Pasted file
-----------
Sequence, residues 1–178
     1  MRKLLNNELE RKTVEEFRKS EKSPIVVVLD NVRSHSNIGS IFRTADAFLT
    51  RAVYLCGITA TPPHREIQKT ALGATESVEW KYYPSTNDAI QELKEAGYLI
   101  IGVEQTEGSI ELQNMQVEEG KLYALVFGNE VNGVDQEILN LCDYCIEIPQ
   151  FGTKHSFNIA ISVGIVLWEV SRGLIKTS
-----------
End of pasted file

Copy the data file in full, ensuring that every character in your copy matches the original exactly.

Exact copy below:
Sequence, residues 1–178
     1  MRKLLNNELE RKTVEEFRKS EKSPIVVVLD NVRSHSNIGS IFRTADAFLT
    51  RAVYLCGITA TPPHREIQKT ALGATESVEW KYYPSTNDAI QELKEAGYLI
   101  IGVEQTEGSI ELQNMQVEEG KLYALVFGNE VNGVDQEILN LCDYCIEIPQ
   151  FGTKHSFNIA ISVGIVLWEV SRGLIKTS